Etienne had taken care of all the family’s financial dealings and it was a steep learning curve for Christine to learn to manage the accounts and pay off the family’s debts. Shortly after Etienne’s death, Christine found work as a copyist for a number of Parisian manuscript workshops. Eventually, around 1399, she began to compose her own prose and poetry as a means of supporting her family, and it was the grief of losing Etienne that informed Christine’s early works of poetry. Initially, she would send her works to members of the court, who sent her money in gratitude, with patrons eventually including Louis, Duke of Orléans, the Duke de Berry and France’s queen, Isabella of Bavaria. And as Christine’s fame spread beyond France, she could also count Philip II the Bold, Duke of Burgundy, and Thomas Montagu, 4th Earl of Salisbury, among her patrons. Writing in ballads and lais (poetry put to music), Christine could express her love and grief for Etienne and the sense of loss and loneliness she now felt,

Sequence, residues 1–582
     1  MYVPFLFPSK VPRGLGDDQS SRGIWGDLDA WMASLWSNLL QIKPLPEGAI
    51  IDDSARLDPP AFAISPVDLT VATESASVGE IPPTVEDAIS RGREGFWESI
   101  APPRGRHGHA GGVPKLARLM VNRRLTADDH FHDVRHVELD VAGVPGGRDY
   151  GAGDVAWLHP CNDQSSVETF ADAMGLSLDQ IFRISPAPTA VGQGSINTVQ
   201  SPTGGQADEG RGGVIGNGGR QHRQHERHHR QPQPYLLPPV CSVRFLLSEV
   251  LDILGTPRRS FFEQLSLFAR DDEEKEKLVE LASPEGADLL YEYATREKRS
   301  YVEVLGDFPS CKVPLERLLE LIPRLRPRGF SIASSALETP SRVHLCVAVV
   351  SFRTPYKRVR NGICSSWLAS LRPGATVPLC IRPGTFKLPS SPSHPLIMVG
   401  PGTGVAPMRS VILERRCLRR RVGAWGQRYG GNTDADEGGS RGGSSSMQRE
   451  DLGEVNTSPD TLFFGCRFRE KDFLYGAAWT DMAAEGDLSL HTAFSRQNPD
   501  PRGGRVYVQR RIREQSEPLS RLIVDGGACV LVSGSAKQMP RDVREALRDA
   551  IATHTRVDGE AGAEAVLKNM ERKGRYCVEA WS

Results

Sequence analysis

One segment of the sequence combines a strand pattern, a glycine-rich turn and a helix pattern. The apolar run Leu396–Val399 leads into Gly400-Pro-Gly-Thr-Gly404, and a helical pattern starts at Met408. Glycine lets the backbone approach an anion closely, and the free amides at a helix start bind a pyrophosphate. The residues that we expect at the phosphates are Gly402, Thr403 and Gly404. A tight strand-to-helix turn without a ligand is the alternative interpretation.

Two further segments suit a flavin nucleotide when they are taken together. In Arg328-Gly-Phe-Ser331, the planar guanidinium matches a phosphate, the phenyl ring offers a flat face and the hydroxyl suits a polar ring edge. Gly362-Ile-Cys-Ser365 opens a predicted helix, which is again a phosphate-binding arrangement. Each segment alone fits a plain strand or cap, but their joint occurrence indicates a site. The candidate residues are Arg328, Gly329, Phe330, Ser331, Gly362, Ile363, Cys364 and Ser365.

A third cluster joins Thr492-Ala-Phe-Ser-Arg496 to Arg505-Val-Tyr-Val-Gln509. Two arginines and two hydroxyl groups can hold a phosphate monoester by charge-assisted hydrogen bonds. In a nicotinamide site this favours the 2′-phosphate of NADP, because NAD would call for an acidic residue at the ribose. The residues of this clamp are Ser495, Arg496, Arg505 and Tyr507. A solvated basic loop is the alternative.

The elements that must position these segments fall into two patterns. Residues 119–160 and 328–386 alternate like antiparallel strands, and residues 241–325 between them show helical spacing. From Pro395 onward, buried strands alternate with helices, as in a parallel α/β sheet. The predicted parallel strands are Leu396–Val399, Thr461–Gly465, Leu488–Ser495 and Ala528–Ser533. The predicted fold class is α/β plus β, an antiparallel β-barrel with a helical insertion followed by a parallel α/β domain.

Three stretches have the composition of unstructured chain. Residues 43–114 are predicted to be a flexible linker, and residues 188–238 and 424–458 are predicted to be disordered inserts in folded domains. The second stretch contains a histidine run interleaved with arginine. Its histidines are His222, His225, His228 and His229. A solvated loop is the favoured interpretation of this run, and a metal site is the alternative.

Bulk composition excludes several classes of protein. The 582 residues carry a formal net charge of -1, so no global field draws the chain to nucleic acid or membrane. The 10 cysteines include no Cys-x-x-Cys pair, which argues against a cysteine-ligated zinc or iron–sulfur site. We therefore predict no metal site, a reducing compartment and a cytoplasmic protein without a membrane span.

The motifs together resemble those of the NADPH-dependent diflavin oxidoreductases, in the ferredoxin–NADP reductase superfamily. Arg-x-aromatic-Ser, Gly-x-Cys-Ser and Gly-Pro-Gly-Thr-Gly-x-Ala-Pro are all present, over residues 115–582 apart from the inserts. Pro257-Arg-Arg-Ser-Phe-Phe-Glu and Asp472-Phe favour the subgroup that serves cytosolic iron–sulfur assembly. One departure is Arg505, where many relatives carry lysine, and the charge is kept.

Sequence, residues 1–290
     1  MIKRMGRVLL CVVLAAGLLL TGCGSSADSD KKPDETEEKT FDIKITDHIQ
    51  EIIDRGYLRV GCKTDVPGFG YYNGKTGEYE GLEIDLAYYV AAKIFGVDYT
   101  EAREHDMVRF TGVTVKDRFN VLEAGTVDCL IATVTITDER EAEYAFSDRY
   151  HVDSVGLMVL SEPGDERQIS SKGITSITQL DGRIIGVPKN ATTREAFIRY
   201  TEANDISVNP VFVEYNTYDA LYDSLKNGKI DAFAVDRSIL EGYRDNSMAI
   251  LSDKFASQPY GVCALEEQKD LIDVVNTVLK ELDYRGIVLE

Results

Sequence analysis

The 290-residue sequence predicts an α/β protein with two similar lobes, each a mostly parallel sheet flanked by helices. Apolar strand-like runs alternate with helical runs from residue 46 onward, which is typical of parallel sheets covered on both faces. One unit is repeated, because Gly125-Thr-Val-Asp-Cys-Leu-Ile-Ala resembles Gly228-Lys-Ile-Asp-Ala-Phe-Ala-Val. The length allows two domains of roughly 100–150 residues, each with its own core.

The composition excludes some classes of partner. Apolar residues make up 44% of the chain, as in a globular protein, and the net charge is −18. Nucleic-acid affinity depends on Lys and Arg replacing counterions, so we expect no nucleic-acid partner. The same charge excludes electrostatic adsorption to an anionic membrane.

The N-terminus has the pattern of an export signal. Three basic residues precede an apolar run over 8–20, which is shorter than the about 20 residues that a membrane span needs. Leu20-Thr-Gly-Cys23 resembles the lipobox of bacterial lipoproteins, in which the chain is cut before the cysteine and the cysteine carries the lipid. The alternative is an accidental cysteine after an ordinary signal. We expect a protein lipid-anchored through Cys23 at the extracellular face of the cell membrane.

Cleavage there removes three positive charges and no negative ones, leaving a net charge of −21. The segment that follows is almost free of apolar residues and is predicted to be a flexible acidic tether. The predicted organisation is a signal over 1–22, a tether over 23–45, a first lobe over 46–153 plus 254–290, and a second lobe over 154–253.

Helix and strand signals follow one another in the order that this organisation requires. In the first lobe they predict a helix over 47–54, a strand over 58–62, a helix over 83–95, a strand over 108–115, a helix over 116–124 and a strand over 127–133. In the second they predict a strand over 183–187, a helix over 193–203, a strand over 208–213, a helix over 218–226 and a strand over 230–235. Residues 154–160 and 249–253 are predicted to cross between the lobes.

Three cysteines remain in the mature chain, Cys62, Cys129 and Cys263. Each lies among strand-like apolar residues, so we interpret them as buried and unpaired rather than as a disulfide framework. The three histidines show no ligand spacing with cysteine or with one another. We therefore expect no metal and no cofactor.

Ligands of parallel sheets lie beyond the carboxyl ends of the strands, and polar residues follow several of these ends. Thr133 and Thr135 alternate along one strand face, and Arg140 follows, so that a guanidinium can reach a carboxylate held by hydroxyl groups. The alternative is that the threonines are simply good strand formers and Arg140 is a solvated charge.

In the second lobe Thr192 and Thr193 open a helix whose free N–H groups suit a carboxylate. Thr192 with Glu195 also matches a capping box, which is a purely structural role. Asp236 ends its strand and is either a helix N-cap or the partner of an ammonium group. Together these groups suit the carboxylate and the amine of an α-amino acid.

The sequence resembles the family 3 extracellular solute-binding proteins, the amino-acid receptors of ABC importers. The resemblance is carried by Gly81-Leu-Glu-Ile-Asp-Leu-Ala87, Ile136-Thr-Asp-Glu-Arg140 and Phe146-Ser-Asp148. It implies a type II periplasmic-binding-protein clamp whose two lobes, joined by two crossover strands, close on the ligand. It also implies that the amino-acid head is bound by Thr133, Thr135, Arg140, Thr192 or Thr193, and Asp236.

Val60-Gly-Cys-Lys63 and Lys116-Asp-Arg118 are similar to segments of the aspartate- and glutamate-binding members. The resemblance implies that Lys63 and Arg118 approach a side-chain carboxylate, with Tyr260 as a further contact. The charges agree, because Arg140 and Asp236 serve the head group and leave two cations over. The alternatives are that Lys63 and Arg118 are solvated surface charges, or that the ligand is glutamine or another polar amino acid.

Like the mourning dove I’m now alone,

And like a shepherdless sheep gone astray,

For death has long ago taken away

My loved one whom I constantly mourn…3

Christine de Pisan’s poems, amounted to ten volumes of verses, including L’Épistre au Dieu d’Amours (Letter to the God of Loves) which was published in 1399. In the early 1400s she also published Letters on the Debate of the Romance of the Rose, a response to Jean de Meun’s Le Roman de la Rose (The Romance of the Rose) attacking the traditional view of women causing the sins of men. Christine is, above all, remembered and revered for her work, Le Livre de la Cité des Dames (The Book of the City of Ladies), published in 1405. Well received in France, even in her own lifetime, it was later translated into Flemish and English. The book tells of the lives of past and present heroines, including pagan, Hebrew and Christian ladies who were renowned for being examples of exemplary womankind, famed for their chastity, loyalty and devotion. It included the lives of female saints who remained steadfast in their devotion to God in the face of martyrdom. City of Ladies was Christine’s response to the misogynistic portrait of womankind that was present in many works of the era, in which women were blamed for the misery in which men found themselves. The book suggests that women were capable of being anything, from warriors to artists and teachers, but stops short of suggesting that her contemporaries should pursue such careers.4